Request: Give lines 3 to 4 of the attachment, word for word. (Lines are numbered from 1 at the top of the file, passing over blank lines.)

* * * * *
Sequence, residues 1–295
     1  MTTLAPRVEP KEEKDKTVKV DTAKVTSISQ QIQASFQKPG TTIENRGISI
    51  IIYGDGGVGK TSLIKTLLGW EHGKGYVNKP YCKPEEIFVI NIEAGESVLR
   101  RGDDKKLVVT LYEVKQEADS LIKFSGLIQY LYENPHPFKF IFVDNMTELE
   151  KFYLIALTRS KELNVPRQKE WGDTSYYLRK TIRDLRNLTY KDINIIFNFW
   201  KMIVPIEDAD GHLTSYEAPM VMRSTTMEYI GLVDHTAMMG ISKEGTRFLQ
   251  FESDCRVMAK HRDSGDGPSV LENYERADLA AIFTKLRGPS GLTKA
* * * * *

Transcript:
    51  IIYGDGGVGK TSLIKTLLGW EHGKGYVNKP YCKPEEIFVI NIEAGESVLR
   101  RGDDKKLVVT LYEVKQEADS LIKFSGLIQY LYENPHPFKF IFVDNMTELE